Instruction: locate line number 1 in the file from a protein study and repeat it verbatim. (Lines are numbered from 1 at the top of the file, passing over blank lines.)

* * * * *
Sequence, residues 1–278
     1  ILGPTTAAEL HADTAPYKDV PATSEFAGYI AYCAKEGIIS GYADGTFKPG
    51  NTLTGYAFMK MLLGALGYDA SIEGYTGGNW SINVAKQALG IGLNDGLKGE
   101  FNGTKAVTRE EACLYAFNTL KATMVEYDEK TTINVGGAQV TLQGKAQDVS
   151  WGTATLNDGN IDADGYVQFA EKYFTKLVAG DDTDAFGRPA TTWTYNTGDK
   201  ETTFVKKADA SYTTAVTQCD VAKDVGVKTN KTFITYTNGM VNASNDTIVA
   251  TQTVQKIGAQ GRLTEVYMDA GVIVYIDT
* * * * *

Sequence, residues 1–278